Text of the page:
These are not the only forms in which corporations are favoured. The pressure to please capital can even result in the government condoning tax avoidance, seeing it as a signal that the tax concerned should be done away with. An example is the treatment of profits repatriated by resident firms from their overseas subsidiaries and joint ventures. As part of the process of liberalisation, and encouraged by the accumulation of foreign exchange reserves, the government decided to allow Indian firms to access those reserves to invest in establishing or acquiring firms abroad. Initially, however, the outflow on this count was not too large. According to one estimate, between end-March 2001 and end-March 2006, investment abroad by Indian firms rose by a total of just $10 billion. Moreover, to the extent that profits were being generated from these investments, parent Indian firms seemed reticent to repatriate a part of those earnings and replenish the domestic foreign exchange kitty. The reason, it was argued, was the “high” rate at which these earnings abroad were taxed if repatriated.

Rather than persuade domestic investors to repatriate some of those profits, replenish India’s foreign exchange reserves and pay the statutory taxes on those earnings, the government saw in the corporate reticence to repatriate a signal to change its tax policy. In the Finance Act for 2011, the then Finance Minister declared that he had received a representation that “the taxation of foreign dividends in the hands of resident taxpayers at full rate is a disincentive for their repatriation to India and they continue to remain invested abroad”. So, in response, he announced the following: “For the year 2011-12, I propose a lower rate of 15 per cent tax on dividends received by an Indian company from its foreign subsidiary. I do hope these funds will now flow to India.”

Reward for avoiding taxes

This amounted to providing private capital a reward for avoiding taxes. Incentivising repatriation by privileging profits earned abroad relative to those earned domestically amounted to condoning the practice of keeping such profits abroad in order to avoid taxation. By offering a tax concession for a single year on repatriated profits, the government was rewarding those who were willing to bring back their surplus earnings.

It needs to be noted that the foreign exchange reserve that supported corporate investments abroad was not reflective of large current account surpluses or an excess of foreign exchange earnings over foreign exchange expenditures. Rather, they accrued because of large inflows of foreign capital into the country, which were well in excess of the sums required to finance the current account deficit in India’s balance of payments. Since capital inflows involve future payment commitments in the form of interest, dividend and the outflow of capital, this implied that the acquisition of assets abroad by Indian firms was being financed with the foreign exchange liabilities of other agents in the country. If this process is to be sustainable at all, over time, the asset acquisition abroad should lead to the repatriation of profits back to the country and add to the pool of the nation’s foreign exchange.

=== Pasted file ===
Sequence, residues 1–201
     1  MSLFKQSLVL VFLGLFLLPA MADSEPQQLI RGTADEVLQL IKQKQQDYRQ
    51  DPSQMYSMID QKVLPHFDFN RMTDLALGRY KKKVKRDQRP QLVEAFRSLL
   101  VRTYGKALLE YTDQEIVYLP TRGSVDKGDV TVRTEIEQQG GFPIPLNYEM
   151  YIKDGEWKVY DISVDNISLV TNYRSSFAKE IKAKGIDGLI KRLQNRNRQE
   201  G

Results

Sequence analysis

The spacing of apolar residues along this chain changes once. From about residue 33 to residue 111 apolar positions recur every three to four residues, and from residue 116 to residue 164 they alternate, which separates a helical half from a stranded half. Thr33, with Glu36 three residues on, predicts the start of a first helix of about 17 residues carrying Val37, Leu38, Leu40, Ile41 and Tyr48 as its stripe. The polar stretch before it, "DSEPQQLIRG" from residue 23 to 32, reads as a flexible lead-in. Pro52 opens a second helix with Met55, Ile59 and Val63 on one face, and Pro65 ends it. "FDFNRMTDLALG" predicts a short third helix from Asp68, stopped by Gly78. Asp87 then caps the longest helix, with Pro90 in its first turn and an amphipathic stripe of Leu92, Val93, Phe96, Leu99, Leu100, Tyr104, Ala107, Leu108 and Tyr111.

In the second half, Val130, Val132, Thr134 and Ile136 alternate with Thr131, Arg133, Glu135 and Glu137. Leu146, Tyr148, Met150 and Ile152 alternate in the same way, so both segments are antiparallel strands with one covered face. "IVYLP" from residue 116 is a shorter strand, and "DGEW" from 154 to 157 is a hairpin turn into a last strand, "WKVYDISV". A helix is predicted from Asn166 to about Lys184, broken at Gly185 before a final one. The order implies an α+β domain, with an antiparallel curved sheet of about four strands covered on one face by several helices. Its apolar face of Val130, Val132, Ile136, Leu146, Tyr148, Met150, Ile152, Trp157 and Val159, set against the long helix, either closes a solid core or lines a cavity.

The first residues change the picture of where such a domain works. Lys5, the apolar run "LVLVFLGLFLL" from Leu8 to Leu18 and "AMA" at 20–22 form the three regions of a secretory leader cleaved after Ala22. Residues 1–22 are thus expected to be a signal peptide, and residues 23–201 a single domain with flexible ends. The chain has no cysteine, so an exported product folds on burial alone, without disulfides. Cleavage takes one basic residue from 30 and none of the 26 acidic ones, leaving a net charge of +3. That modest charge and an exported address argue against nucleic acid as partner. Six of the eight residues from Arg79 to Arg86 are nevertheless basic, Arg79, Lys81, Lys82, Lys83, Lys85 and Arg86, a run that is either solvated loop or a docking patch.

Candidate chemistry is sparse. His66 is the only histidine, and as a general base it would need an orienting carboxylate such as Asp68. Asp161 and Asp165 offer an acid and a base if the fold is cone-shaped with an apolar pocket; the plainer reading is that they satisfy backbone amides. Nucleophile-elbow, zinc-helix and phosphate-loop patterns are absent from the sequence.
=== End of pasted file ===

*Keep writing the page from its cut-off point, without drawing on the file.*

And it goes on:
It was soon clear that to ensure such repatriation, the government would opt to offer investors abroad a long-term incentive rather than make repatriation an obligation to be met if foreign reserves were accessed. The tax concession did not remain a single-year, once-for-all benefit.

Since 2011, it has been extended year after year for an additional one year period, and has now been extended for an indefinite period in the Budget for 2014-15 by the new National Democratic Alliance (NDA) Finance Minister Arun Jaitley. To quote from his Budget speech: “The concessional rate of tax at 15 per cent on dividends received by Indian companies from their foreign subsidiaries has resulted in enhanced repatriation of funds from abroad. I propose to continue with this concessional rate of 15 per cent on foreign dividends without any sunset date.”

The results of the tax concession have been dramatic in the recent past. The annual increase in investment commitments abroad by Indian firms in the form of equity, loan and guarantees issued rose to more than $10 billion in 2007-08 alone, touched an annual figure of about $18 billion during 2008-10 and then spiked to stand at $40-44 billion during 2009-11 and $35-37 billion during 2012-14.

As argued above, supporting this surge increases the country’s exposure to the risk of foreign exchange reserve depletion. What we are observing, therefore, is a budgetary transfer to a few firms so that they can earn profits abroad, at the cost of an increase in the foreign exchange risk exposure of the country.

These, however, are not “sops” to be surprised by. They constitute the essence of neoliberal policy, which allows the behaviour of private capital to determine what the policy should be. If corporations are adopting practices aimed at avoiding certain taxes, those taxes are best done away with. Even in the haven of neoliberalism, the United States, this is not the response to similar tendencies. For some time now, U.S. corporations have begun exploiting tax differences between the U.S. and some other countries by relocating their headquarters to lower tax locations or tax havens in a process labelled “inversion”. That deprives the U.S. government of revenues. President Obama has come out against such reincorporations, and charged corporations adopting the practice with “cherry-picking the rules” and denuding the government of legitimate finances. “My attitude is I don’t care if it’s legal, it’s wrong,” he reportedly said.

The Indian government, led by its adherence to neoliberalism, obviously thinks differently. The results are extremely regressive. Providing large transfers to the rich while pursuing fiscal consolidation requires trimming expenditure that benefits the poor. This, rather than any technocratic logic, explains the ideology of “anti-populism”.